How to Install an Ubuntu Linux Background Theme

ubuntu themeUbuntu is the most popular distribution of Linux with more than 12 million desktop users around the world. It is also the most popular free operating system for personal computers and is based on the Debian Linux distribution. The first release of the Ubuntu Operating System was on 20 October 2004 and since then new versions of Ubuntu have been released almost every six months. Ubuntu is sponsored by the UK based company Canonical Ltd. owned by South African billionaire Mark Shuttleworth. Ubuntu is distributed as a free and open source operating system and the latest Ubuntu release was Natty Narwhal which was released on 28th of April, 2010. The latest released focused on making the interface quite easy for users of the Windows Operating System too and it has gained mixed yet overwhelming reactions throughout the globe. One of the problems with Ubuntu Linux is that the backgrounds inbuilt into the Operating System are not that great and there are not many great backgrounds available either. So, in this tutorial we will provide details on how to install great background themes on your Ubuntu Linux operating system where the wallpapers change at regular intervals.

You can at first download the backgrounds from any Gnome Art background site. Ubuntu Themes are also regularly released at UbuntuTheme.net with high quality backgrounds and you can also download it from there. The themes work without any major modification to the Ubuntu Linux system and are safe to be installed. The themes would work on any Linux distribution which supports Gnome Art backgrounds in addition to Ubuntu OS.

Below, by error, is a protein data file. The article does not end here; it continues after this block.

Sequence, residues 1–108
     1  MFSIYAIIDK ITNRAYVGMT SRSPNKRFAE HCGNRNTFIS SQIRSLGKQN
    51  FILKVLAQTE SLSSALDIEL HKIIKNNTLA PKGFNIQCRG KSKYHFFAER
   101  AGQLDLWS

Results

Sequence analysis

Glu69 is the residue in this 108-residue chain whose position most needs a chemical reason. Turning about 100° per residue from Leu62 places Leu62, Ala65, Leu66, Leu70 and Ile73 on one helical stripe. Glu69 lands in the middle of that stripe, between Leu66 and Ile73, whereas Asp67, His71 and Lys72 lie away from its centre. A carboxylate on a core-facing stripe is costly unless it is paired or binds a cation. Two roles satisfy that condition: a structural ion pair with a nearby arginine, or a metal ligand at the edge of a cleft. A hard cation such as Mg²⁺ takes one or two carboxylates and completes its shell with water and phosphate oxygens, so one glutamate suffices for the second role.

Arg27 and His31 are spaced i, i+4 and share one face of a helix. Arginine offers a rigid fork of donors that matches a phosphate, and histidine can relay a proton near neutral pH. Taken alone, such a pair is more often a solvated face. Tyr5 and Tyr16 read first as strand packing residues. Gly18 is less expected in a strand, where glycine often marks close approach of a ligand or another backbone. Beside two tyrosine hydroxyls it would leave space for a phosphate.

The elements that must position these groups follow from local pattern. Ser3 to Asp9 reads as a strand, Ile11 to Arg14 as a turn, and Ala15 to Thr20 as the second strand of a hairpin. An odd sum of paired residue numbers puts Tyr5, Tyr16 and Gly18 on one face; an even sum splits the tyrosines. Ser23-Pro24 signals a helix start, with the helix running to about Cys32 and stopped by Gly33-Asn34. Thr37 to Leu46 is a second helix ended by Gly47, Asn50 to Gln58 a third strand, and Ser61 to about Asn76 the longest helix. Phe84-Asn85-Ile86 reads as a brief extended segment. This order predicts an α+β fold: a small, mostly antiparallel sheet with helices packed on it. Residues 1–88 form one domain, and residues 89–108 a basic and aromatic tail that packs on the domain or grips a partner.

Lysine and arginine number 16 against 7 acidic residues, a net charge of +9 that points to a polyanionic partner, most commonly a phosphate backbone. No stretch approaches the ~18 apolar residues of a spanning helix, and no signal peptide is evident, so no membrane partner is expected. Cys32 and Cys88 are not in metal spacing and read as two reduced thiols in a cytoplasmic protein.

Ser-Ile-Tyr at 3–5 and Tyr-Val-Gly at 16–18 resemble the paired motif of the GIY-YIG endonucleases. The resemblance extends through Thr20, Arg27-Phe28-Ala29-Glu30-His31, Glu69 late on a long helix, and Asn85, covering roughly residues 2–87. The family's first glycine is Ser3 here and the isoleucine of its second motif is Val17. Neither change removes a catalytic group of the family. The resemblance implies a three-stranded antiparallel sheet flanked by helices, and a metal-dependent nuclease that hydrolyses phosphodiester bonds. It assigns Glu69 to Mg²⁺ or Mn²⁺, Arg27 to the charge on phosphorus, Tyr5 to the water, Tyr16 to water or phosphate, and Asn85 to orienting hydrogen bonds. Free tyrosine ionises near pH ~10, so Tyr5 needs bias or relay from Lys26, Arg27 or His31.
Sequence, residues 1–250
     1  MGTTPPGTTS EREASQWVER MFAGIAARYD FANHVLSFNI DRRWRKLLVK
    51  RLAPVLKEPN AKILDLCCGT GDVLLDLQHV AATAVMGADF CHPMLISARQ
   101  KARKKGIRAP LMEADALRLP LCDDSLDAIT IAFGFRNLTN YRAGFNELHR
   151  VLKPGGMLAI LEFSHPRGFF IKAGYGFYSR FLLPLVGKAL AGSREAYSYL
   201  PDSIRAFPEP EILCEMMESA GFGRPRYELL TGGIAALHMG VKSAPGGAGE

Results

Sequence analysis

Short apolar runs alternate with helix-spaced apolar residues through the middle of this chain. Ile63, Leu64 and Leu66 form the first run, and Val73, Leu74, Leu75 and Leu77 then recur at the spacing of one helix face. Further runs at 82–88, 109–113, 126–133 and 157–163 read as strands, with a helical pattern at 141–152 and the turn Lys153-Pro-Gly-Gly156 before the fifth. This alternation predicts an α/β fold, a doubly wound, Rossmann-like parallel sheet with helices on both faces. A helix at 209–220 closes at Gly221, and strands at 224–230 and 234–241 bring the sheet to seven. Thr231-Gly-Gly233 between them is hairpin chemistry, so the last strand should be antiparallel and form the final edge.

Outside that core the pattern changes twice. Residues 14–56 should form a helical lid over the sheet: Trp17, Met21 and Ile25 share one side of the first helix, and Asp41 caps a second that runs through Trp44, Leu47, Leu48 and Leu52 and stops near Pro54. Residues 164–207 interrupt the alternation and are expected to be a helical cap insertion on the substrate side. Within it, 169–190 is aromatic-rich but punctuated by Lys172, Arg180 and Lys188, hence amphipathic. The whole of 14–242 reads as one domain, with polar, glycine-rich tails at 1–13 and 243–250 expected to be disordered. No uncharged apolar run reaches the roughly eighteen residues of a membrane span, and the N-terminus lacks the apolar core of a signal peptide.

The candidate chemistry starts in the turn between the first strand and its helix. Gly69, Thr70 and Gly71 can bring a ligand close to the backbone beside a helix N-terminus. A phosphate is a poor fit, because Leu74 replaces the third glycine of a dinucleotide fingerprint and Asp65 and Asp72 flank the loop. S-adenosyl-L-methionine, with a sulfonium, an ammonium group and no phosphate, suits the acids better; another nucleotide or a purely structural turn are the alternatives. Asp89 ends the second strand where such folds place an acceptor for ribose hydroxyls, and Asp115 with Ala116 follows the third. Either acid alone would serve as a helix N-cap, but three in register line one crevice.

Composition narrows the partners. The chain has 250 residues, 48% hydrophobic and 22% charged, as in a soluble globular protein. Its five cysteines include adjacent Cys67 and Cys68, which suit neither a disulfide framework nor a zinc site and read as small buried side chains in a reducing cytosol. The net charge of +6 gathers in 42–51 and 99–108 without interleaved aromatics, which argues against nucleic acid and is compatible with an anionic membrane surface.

At first download the Ubuntu Theme to your computer and decompress it in your Ubuntu OS. You would then need to move the theme to folder to the /usr/share/backgrounds in your Ubuntu/Linux system. But for that you also require root privileges and so open the terminal and type:

sudo cp -R /home/YOURUSERNAME/PathToYourThemeFolder /usr/share/backgrounds

Replace YOURUSERNAME and PathToYourThemeFolder with the ones that are relevant to the Ubuntu installation on your system. In case you are not sure about the location of the folder then you can also right-click and check properties to get an idea about the same. When you transfer the theme you would be prompted for the administrative password and you can type it and press enter. Thereafter, you need to browse to the /usr/share/backgrounds folder where you should see the new theme folder present if you have transferred it correctly. If you see cross mark on the images or the folder and permission is denied then please type the following command on your terminal:

sudo chmod 777 -R /usr/share/backgrounds/ThemeFolder

Replace ThemeFolder with the name of the extracted theme folder name as you did previously.

Now go to System > Preferences > Appearance and click on Appearance to open the Appearance dialog box. You can also open Appearance Preference by right-clicking on the desktop screen of Ubuntu and selecting "Change Desktop Background" from the right-click menu. You would then require to select the Background tab in that box if it is not selected already. Now click on "Add" near the bottom right side of that tab to add the new theme. A new window named "Add Wallpaper" would pop up where you need to browse to the "/usr/share/backgrounds/ThemeFolder/" and select the themefile.xml inside the ThemeFolder. You might need to change the file type at the bottom right of the "Add Wallpaper" window from "images" to "all files" in order to view the xml file. Replace ThemeFolder and themefile.xml name with the actual theme folder name and theme file name. You should now see the new background and then on your computer and it will change every 15 minutes. The installation is complete and once you get the hang of it, you should be able to install new Ubuntu themes in less than a minute.

The author owns the website Ubuntu Theme where you can download Ubuntu Themes free of cost. He is also a tech addict and likes to work on various platforms including Windows, Linux, Servers and Gadgets.

Author: Ron Hopkins
Article Source: EzineArticles.com

(3)

Rate this post

Ron Hopkins